“When I was 17, mutual friends introduced Ray Williams to me,” she said. “We met in March and married in April that year — one month later. He was 19, and was driving a butane truck for a living.

“Neither one of us could get a marriage license without our parents signing for us, so we went by my house and got my mother and drove to the grocery store where we knew his mother was shopping and took them to the courthouse,” Williams said. “It was fine with them. We were married at a Baptist preacher’s house.”

By the next year Ray was drafted into the U.S. Army and received basic training at Fort Sill, Okla. After he was stationed at Ft. Louis, Wash., Lee Williams, Ray’s father, said he would drive Betty to join him.

“I didn’t have a driver’s license, so I took my driving test and failed it,” Betty Williams said. “I had told the man giving me the test where we were going. He asked me after I failed, ‘Well, are you going to Washington anyway?’

“I said, ‘I sure am. I’m leaving early in the morning.’ He gave me the license.”

After Ray served a year in Germany, the young family lived in Lubbock. Ray joined his father in his concrete business, making contacts and figuring jobs.

They moved to Cleburne, where Ray worked with Paden Construction. By 1966, he had opened his own business, DSA. The family-owned designing, supervision and accounting construction business continues in operation today at 207 N. Ridgeway Drive.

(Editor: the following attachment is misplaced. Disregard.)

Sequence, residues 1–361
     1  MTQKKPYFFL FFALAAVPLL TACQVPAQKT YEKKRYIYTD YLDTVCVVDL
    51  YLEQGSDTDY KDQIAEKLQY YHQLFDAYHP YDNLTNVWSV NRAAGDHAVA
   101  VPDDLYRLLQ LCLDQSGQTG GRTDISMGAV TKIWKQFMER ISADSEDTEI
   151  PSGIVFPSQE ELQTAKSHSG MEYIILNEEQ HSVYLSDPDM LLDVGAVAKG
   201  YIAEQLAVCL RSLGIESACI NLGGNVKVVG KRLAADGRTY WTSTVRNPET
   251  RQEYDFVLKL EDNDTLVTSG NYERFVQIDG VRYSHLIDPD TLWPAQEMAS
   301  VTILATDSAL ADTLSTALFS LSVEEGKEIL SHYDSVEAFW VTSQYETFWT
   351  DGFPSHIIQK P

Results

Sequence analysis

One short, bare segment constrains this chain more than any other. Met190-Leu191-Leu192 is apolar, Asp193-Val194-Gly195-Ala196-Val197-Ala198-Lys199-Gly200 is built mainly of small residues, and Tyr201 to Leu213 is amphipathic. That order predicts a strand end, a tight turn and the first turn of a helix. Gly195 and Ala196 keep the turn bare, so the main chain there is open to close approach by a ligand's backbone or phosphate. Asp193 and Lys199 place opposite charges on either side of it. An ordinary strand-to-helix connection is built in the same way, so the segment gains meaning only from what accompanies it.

Ray Williams died in February 2003. He and Betty had been married 63 years and were active members of Granbury St. Church of Christ since they moved to Cleburne in 1958. They have three children, Fairy George (Joe); Beverly Holden (Cliff) and Kent Williams of Cleburne. Kent’s wife, Jamie, is deceased. They have seven grandchildren; 17 great-grandchildren; and three great-great-grandchildren.

“Serving others has always been Mother’s life,” Fairy said. “I remember her driving people to doctor’s appointments and providing meals at church. She always sewed for Beverly and me.”    

“Mother has always been there for babysitting for our children,” Beverly said. “Our children would say as we drove by the nursing home, ‘That’s where Mammaw works!’ Some of them eventually worked alongside her, learning how to relate to older people.”

“Oh, our residents look forward to getting their hair done,” said Annette Amerson, activities director of Colonial Manor. “They always ask me about it the day before. The ladies who come to us here are so gracious ... so patient. No one is ever turned away.”

I watched as Bess Yates, Patsy Moxon, Melinda Norman and Betty finished up their work. They had supplied the beauty aids through the ministry budget of their church. If the money runs short, they pay it themselves.

Since they are not licensed hair dressers they are no longer allowed to use chemicals or to cut hair.

Often people will see Betty, now 90, and ask, “Are you still doing hair at the nursing home?”

Invariably they add, “I just want you to know. My mother really loved that.”


Larue Barnes may

be reached at